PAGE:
Gascon Cycling for Myeloma

Pau to Gibraltar, Oct/Nov 2016

Day 1 – Tuesday 25th October 2016  -  Pau to St-Jean-Pied-de-Port

110K in 5.2 hours - very happy with the pace considering it was our first day!

The ride was split into three stages:-

1.    Pau to Orthez, following the route of the river was obviously flat, meandering and easy but

 2.   Orthez to Sauveterre-de-Bearn was difficult, climbing well over 300m in a 22Km stage, however

 3.   Sauveterre to Saint-Jean-Pied-de-Port was 40Km through lush rolling hills and an absolute joy.

Having said that it was a huge relief to see the town sign but knowing that tomorrow morning will be the toughest climb of the whole trip as we scale the Pyrenees leaving France and spending our first day in Spain.

 

Day 2     St.-Jean-Pied-de-Port to Sanguesa

After sending Mike off to find a pump for our air mattresses and removing the annoying mudguards from our bikes it was straight into a 30Km climb to the highest point of the pass. We climbed well over 1200 meters in the 3 hours it took us and were proud to leave a Munster rugby flag in memory of Anthony Foley at the summit.

This was Camino Way territory and we found a wonderful hostel for lunch before completing the 70-odd Km to our campsite in Sanguesa. We spent the afternoon travelling down the various river valleys through wonderful, wonderful countryside. Colin said it was his most beautiful day cycling, ever, and that's saying something from a man who has literally cycled the world

 

Days 3 & 4     Sanguesa to Tudela to Almazan

From Sanguesa we headed south to Ejea planning to stop there. Sanguesa was notable for a huge Smurfit Kappa paper factory. A surprise cycling into town to see one of Ireland's success stories in the middle of nowhere!! Mike scouts ahead for us each day and as we approached Ejea we got the message to keep on to Tudela, only 45k along the Ebro river valley, Tudela is a wonderful place , with no camp site so we had to brave it and book into a hotel!! Lovely spot with friendly people - 3 beds and breakfast - ham eggs the works, for 75 yo yos the lot. And especially great showers, hot and powerful..... Another night of tapas ( can't spell pintchos or whatever they are called here) nice white wine , and here’s the best bit, in Tudela on a Thursday night in the old town you get a tapa and drink, beer red or white wine for the outrageous amount of 2€ - happy days! Although being 3 very serious cycling people we got to bed early….. So after a great breakfast we set off before 9 for Almazan. Getting out of Tudela proved a tad difficult; it was bigger than we thought so ended up doing a few circuits of the town before finding the right exit road!! Again a big climb out up towards Olvega and a col of 1196m with lots of heavy trucks. At this stage I must compliment the Spanish drivers as they are extremely careful when passing us out and to date no complaints. The road surfaces are incredible which has also made the going easier.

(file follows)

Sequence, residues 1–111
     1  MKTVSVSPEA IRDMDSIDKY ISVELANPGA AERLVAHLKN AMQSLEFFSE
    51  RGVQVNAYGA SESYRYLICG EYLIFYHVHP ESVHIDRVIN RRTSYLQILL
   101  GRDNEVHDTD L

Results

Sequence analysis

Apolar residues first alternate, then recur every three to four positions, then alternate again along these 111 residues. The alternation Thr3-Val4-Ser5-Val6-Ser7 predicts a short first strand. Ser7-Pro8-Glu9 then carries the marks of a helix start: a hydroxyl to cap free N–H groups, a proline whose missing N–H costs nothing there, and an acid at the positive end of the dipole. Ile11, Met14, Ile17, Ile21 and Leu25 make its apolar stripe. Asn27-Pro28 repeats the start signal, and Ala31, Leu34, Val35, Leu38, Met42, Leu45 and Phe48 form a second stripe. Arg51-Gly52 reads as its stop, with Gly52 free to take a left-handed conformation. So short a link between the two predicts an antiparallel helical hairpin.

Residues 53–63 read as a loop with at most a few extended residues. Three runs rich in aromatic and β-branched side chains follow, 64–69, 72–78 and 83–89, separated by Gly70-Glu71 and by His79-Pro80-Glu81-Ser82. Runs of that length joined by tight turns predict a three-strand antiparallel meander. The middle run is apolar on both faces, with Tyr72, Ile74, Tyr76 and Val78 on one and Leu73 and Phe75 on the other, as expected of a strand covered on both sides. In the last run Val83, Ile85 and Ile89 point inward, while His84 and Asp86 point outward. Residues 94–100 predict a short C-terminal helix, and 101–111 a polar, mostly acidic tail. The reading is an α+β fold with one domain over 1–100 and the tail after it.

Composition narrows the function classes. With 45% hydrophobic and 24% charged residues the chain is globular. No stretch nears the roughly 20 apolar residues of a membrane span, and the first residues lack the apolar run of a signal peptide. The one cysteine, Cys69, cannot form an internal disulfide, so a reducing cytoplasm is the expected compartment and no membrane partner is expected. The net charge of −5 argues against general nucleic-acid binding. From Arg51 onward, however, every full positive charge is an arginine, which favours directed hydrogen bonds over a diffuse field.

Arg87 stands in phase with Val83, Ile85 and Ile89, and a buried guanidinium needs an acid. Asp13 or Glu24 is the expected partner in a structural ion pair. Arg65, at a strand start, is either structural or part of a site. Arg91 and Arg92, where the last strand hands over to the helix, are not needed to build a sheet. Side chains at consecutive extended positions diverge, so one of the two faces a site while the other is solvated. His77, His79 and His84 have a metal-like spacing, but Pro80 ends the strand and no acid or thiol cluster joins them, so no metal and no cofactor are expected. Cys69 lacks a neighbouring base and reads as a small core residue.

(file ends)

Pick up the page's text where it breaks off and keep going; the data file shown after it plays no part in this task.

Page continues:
It was another tough day at the office - but it beats working any day! Arriving in Almazan Mike had booked us into a Hostel - 3 separate rooms, what a treat! - and the owner also owned the only restaurant in the village so he opened up for us and the menu was a "surprise" and turned out to be wonderful - A plate of salad followed by veal chops, fried eggs and chips washed down with house red. Desert was a choc ice..... Super dinner and just what we needed after tapas two nights running....

So far we have covered 414k in the four days. Being that we were fresh the first two days, Pau to St Jean-Pied-de-Port and then on to Sanguesa were relatively easy compared to the last two days. However we are averaging 19.8kph which, considering the terrain is pretty good going. Bodies are stiff now so Colin reckons today will be a test as the fifth day is when the body decides if it is going to accept that we are not giving up, but there is a long way still to go, and we just must get on with it. The body will adjust - hopefully!

 

Day 5     Almazan to Siguenza

Early start Saturday with no breakfast on our way out of Almazan. Thankfully Mike found little town serving eggs, ham and compulsory coffees and we felt good enough to carry on to Siguenza making Saturdays stage 110k. It was a day of more long and difficult climbs but glad eventually to leave the very busy C101 after 3 days... The final 40 k to Siguenza displayed a wonderful array of changing tree colours and reminded me of New Hampshire at this time of year, Colin agreed, but Mike thought of Stow-on-the-Wold in the Cotswolds cos he thinks he is posh.... A spectacular sweep down to Siguenza revealed a huge magnificent Moorish fort dominating a lovely town. We struggled to find a decent place to eat but a new pizza place gave us grilled prawns great pizzas and a lovely red!

 

Day 6     Siguenza to Sacedon